Week 13: Falcons at Texans
1st Quarter | 8:24 remaining | no score | Texans ball | 3rd & 7 @ ATL 14 | video
Well, this one is weird, to say the least.
Texans quarterback T.J. Yates throws an apparent incomplete pass while he is being hit. As the ball rolls without a whistle being blown, Falcons safety James Sanders astutely grabs the ball and runs 90 yards for a touchdown. Since the play was not ruled dead, Sanders correctly played it as a fumble, not an incompletion.
The matter of the touchdown became moot, because players from both benches began to enter the field, believing the play to be over. This resulted in offsetting illegal substitution penalties, but the fumble still counted. The ball was returned to the spot when the fouls occurred, at the Falcons’ 35-yard line.
Because of the penalty, the touchdown came off the board, and thus the rule that all scoring plays are subject to video review did not apply. Houston had to use a coach’s challenge in order to have the play reviewed.
Referee Bill Leavy ruled that the play was confirmed, even though it seemed to be a forward-throwing motion. I had to replay this several times, and there was no clear evidence that the pass preceded the hit. Yes, Yates’ arm was going forward, but if it is coincidental with a defensive tackle, then it becomes a forced fumble, not a forward pass.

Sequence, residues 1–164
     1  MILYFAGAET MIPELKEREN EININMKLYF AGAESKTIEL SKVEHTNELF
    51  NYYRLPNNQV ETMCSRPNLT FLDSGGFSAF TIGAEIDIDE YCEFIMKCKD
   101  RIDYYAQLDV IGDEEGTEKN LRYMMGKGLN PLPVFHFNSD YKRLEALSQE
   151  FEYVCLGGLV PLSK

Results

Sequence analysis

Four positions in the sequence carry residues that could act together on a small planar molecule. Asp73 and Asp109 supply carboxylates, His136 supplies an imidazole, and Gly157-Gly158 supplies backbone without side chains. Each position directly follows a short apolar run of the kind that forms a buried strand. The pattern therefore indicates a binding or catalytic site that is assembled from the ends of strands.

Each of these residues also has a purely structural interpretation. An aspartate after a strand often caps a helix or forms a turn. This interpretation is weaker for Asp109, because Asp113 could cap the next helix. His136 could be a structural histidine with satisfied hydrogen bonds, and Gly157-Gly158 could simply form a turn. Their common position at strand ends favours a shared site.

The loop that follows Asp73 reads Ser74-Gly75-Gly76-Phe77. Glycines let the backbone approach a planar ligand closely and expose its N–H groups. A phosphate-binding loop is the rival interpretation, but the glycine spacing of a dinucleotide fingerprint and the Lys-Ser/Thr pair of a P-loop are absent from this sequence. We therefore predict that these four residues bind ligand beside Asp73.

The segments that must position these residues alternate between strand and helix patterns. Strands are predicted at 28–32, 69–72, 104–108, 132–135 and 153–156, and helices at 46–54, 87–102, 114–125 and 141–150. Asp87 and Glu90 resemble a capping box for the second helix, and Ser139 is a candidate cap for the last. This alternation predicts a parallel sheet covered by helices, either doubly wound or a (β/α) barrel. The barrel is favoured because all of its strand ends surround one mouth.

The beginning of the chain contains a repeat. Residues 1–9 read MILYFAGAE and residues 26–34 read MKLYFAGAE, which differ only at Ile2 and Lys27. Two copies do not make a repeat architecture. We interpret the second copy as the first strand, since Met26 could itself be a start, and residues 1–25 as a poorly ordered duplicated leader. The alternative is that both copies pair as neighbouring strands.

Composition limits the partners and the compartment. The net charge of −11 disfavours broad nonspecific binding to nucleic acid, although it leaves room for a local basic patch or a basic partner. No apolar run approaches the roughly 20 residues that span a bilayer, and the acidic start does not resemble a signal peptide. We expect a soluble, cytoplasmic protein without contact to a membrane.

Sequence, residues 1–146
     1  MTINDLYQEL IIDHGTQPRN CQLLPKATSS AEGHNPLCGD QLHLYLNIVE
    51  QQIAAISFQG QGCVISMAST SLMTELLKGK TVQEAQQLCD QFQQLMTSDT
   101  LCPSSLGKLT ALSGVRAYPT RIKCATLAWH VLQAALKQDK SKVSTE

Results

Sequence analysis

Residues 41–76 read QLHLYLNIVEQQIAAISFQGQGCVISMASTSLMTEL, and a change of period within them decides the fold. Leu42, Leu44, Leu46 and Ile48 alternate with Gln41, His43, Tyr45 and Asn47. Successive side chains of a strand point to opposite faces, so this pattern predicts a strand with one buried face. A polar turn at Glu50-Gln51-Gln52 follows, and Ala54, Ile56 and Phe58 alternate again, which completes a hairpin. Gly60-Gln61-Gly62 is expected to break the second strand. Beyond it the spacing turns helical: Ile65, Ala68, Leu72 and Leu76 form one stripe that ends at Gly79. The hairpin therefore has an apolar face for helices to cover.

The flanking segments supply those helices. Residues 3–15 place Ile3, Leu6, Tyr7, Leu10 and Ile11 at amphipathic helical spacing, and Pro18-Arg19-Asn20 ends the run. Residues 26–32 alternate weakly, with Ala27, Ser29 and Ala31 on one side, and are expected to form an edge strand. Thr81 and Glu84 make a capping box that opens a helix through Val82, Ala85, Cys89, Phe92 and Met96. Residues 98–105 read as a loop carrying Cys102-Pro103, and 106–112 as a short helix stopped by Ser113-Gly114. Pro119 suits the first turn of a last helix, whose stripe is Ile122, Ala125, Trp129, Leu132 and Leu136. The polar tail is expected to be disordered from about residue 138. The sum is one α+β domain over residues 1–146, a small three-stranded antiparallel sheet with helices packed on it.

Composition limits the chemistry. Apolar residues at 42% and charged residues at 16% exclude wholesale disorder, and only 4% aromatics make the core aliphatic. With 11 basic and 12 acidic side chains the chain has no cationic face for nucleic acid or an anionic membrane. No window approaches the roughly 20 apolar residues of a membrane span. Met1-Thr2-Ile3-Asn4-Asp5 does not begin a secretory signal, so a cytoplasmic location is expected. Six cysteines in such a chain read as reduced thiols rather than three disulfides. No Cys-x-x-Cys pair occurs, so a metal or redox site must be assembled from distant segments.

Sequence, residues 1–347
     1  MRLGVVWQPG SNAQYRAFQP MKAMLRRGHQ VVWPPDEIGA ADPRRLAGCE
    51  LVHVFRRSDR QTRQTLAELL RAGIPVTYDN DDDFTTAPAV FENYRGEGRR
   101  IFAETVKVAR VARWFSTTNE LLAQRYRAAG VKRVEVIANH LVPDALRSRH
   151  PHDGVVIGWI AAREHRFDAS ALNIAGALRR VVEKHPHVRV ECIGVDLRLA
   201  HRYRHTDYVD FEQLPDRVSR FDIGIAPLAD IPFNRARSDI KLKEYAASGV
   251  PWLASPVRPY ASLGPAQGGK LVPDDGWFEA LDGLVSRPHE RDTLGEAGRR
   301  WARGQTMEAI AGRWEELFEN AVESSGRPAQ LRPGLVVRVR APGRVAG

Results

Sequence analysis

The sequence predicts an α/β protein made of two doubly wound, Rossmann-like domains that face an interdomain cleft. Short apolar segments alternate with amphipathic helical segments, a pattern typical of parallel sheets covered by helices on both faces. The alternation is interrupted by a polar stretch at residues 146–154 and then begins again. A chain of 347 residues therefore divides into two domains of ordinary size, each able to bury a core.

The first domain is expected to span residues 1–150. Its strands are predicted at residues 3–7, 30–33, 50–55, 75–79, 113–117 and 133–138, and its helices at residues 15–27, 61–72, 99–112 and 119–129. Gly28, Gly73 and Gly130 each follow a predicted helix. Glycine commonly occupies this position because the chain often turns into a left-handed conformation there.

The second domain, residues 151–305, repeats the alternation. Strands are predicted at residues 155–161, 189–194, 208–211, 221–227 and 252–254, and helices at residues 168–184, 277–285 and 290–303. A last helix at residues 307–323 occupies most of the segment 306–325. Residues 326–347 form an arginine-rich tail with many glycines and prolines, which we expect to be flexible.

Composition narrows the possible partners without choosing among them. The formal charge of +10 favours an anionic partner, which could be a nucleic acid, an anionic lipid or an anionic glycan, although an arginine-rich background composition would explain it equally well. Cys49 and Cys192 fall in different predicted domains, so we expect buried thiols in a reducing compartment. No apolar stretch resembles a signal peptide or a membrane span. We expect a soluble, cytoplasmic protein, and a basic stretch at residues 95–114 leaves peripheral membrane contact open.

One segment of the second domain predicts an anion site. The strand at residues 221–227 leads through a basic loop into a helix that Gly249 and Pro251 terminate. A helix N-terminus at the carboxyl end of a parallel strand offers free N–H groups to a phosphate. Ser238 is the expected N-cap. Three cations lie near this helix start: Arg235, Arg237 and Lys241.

I would have ruled it a pass, but I can see that there is not enough passing motion visible to rule so on a replay.Â Also, keep in mind that Leavy has 60 seconds to review the play, so there are only so many shuttles of the tape that can be done in that time, while also reviewing all other aspects of the full play.
Incidentally, the Falcons were intercepted three plays later. The Texans kicked a field goal; if there was a replay reversal, it would have been fourth down, and presumably it would have also resulted in a field goal.
What is your opinion? Should the play have been reversed to an incomplete pass?